A notorious bandit is arrested and put on trial for the murder of a samurai and rape of his wife. The differing testimonies offered by the suspect, witnesses, and victims (with the dead samurai’s being provided through a medium) all add unique clues to figuring out what happened but none seem to provide a satisfying overall picture. Akira Kurosawa’s seamless psychological and philosophical exploration of truth and personal perspective was as daring as it was imaginative. Not only was it way ahead of its time cinematically but it also foreshadowed seminal scientific critiques of eye-witness testimony in the 1970’s and 80’s.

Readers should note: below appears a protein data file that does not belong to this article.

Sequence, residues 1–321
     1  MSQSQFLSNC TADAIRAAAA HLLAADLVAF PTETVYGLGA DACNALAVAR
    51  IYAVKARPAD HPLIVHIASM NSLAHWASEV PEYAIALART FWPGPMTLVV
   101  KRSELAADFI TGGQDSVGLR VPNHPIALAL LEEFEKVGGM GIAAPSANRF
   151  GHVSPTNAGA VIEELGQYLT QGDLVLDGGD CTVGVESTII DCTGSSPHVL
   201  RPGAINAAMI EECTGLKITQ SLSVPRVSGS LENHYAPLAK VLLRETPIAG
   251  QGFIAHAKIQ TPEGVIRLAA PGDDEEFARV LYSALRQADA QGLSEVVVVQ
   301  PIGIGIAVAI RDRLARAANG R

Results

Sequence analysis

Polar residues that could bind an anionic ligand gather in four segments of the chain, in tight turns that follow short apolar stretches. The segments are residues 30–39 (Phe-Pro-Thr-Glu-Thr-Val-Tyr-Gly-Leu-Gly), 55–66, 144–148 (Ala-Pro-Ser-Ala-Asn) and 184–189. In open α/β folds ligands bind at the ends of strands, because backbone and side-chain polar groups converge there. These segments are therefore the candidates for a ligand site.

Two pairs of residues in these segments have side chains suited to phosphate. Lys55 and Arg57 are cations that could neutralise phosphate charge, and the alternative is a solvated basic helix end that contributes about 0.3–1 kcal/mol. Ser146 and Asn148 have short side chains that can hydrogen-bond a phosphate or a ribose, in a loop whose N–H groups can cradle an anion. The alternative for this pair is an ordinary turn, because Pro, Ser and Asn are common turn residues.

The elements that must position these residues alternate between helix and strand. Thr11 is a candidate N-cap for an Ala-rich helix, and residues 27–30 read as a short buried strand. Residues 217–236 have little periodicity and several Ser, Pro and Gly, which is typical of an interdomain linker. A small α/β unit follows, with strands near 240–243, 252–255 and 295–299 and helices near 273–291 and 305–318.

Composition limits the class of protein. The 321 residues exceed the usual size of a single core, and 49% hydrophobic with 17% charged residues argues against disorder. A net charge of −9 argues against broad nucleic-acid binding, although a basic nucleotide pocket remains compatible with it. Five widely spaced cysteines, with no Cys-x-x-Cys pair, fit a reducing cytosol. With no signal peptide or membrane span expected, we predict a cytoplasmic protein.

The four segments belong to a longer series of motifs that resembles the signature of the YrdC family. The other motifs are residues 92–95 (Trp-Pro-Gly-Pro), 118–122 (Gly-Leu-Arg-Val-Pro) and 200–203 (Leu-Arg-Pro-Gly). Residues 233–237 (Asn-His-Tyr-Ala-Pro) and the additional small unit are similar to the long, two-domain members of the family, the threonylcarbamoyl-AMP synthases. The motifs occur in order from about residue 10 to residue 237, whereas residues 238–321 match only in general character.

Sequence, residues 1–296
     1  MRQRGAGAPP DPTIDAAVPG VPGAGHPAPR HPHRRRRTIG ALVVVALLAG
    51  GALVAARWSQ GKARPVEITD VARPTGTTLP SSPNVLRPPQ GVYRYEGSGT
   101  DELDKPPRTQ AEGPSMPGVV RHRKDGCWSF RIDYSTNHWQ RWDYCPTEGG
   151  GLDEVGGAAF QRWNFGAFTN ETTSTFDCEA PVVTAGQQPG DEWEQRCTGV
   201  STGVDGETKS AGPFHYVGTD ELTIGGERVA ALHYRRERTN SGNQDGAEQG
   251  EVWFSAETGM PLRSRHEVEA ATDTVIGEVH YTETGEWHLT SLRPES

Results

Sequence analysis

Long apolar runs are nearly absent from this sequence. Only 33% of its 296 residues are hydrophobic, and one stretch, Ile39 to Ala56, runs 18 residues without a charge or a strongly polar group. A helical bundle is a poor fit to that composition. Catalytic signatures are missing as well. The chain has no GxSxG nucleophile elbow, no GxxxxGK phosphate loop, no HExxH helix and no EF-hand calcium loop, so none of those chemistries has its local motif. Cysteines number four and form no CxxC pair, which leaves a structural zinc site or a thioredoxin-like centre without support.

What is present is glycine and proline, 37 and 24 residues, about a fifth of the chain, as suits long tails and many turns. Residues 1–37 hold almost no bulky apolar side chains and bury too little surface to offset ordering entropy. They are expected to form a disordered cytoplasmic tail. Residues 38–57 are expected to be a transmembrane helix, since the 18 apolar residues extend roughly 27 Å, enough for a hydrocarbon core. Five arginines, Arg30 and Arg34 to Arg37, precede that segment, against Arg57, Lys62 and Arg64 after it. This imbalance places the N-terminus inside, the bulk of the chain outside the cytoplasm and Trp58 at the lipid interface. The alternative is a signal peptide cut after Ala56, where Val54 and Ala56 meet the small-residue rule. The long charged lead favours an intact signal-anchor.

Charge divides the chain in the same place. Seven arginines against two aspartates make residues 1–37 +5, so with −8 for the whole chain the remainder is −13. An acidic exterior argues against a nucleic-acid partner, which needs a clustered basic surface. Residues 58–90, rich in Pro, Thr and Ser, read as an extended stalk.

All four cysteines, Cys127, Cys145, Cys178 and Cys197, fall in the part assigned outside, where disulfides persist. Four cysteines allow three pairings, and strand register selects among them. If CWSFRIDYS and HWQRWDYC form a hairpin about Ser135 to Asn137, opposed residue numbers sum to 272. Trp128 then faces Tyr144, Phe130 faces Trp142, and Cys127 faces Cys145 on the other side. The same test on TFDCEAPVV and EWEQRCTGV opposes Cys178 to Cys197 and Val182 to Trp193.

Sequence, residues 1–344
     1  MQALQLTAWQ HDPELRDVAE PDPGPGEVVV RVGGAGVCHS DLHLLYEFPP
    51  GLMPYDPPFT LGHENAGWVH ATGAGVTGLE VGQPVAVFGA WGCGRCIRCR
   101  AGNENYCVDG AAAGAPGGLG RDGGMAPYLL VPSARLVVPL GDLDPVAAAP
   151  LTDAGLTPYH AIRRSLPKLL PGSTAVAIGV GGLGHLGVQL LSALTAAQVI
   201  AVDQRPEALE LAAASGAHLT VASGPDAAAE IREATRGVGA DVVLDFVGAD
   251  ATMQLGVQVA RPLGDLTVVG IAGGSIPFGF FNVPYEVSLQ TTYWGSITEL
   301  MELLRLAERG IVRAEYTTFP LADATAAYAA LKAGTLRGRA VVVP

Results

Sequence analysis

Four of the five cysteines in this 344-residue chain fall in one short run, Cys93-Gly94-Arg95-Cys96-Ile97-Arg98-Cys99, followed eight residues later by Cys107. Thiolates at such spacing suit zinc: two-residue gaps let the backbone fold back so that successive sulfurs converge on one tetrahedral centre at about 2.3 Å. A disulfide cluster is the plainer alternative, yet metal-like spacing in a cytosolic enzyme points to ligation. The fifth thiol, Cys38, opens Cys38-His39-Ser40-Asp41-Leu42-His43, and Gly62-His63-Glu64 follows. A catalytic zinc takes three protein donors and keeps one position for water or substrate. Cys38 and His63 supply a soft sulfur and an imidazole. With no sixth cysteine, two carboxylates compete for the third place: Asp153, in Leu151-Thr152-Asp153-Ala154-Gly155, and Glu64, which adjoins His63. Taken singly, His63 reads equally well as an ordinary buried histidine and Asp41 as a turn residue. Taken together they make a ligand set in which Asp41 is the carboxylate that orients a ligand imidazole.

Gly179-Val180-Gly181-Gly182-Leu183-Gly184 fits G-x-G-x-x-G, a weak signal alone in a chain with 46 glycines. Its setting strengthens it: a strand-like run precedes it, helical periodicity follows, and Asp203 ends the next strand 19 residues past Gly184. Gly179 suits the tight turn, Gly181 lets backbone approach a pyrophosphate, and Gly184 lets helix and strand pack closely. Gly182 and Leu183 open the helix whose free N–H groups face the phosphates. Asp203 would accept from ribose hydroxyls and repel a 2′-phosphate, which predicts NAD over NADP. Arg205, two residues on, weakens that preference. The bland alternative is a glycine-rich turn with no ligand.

Though the story is necessarily disjointed, Kurosawa’s tracking of it through editing, staging, and his own use of perspective ties the whole thing together in visionary style. The cinematography too is astounding as the stark daylight in the “reconstruction” sequences is used to telling and quite relevant effect while the capturing of the gatehouse (Rashomon) sequences reflects the murkiness of the witnesses’ accounts as those accounts themselves are analysed in retrospect. The acting is utterly sensational from Takashi Shimura’s low-key and even sinister performance as the woodcutter to Toshira Mifune’s blistering turn as the vicious bandit charged with the crime. Rashomon has gone on to influence countless movies and movie-makers alike and one viewing of this arresting piece of cinema will explain exactly why.